Court tells Kink.com to defend self against HIV claims

SAN FRANCISCO — Porn producer Kink.com has been told that it has to defend itself against lawsuits from actors who say they contracted HIV on set.

Courthouse News reported that Atain Specialty Insurance Company sued Peter Acworth, CEO Kink.com, and his companies in November 2015. Atain claimed has no duty to cover litigation costs related to a rash of lawsuits brought by former actors.

From Courthouse News:

In a ruling issued Friday, U.S. District Judge James Donato granted Atain’s motion for summary judgment, finding a “physical-sexual abuse exclusion” exempts the insurer from covering claims arising from sexual activity.

“The language of this exclusion is not ambiguous in the context of this policy and the circumstances of this case,” Donato wrote in his 6-page ruling. “Because the contractual language is clear and explicit, it governs.”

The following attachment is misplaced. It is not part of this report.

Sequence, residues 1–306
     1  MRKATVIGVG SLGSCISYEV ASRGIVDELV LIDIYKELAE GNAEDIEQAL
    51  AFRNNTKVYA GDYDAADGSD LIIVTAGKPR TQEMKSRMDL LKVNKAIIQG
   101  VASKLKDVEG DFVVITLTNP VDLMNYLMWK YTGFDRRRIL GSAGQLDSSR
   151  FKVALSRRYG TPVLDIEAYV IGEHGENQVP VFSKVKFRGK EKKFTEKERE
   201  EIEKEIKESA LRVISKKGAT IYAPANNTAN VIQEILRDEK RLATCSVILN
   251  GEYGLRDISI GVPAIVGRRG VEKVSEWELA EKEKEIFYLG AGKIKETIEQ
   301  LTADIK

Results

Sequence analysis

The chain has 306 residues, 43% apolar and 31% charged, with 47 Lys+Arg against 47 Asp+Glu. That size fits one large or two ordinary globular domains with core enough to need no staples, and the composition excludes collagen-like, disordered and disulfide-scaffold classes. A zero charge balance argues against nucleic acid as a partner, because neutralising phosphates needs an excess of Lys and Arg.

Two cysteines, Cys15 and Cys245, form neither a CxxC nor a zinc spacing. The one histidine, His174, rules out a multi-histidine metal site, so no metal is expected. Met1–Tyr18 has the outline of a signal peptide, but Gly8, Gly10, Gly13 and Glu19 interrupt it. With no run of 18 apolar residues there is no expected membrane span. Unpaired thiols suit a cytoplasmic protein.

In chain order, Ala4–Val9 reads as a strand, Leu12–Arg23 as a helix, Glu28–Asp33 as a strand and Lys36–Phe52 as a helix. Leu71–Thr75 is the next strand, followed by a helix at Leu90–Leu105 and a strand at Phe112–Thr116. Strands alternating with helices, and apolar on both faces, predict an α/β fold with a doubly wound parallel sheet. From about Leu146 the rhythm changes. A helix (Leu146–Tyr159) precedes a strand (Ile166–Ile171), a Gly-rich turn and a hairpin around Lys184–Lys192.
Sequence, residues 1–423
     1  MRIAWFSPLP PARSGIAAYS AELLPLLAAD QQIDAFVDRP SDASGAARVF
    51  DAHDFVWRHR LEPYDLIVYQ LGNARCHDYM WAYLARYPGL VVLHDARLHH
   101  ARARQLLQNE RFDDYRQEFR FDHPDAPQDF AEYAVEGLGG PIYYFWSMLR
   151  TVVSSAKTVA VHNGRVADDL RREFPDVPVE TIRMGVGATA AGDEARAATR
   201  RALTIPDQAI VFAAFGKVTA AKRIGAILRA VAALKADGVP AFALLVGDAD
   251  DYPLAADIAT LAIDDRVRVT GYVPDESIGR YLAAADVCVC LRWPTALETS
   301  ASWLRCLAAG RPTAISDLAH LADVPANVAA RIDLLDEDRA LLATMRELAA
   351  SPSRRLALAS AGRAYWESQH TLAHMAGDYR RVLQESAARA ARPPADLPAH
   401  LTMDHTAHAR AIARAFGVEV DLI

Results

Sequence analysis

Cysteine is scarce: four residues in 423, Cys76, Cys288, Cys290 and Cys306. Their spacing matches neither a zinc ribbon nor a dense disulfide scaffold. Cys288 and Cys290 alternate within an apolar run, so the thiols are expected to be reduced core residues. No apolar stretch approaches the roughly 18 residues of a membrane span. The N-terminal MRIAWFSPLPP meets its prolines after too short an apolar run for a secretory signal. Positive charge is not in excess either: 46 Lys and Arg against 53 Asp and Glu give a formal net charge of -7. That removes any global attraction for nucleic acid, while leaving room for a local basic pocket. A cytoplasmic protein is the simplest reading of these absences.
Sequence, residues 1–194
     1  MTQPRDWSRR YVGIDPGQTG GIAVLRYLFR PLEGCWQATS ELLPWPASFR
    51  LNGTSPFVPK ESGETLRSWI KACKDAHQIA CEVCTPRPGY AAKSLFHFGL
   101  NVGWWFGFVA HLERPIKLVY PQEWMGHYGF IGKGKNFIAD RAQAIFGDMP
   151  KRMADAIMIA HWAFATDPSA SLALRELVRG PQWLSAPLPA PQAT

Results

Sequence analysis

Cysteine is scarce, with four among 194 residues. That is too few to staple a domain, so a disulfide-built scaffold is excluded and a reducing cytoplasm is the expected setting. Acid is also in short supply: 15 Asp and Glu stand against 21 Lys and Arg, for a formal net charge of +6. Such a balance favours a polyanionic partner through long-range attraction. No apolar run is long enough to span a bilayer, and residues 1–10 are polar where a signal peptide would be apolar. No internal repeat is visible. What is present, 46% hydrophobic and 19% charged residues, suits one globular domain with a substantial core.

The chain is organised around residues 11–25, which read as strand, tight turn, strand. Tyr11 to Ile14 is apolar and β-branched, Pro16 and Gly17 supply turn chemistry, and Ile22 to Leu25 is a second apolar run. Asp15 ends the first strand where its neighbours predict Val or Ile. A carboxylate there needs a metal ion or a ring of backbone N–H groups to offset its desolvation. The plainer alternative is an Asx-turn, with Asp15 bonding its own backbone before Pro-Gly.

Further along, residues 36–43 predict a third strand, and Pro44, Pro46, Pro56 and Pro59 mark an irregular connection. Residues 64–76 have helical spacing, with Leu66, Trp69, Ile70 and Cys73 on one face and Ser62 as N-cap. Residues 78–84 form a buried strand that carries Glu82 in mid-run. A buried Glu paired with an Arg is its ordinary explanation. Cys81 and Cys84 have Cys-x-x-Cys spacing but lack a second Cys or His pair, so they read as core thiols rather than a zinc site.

Donato’s ruling comes less than three weeks after Acworth’s porn empire suffered another setback in federal court.

On Nov. 27, U.S. District Judge Yvonne Gonzalez Rogers found State Compensation Insurance Fund also has no duty to defend Kink.com in HIV-related lawsuits because the claims are either governed exclusively by workers’ compensation or barred by an intentional harm exclusion in the policy.

Acworth, a British citizen, purchased the Armory, a 200,000-square foot Moorish castle and former National Guard training facility in San Francisco’s Mission District, in 2007 for $14.5 million.

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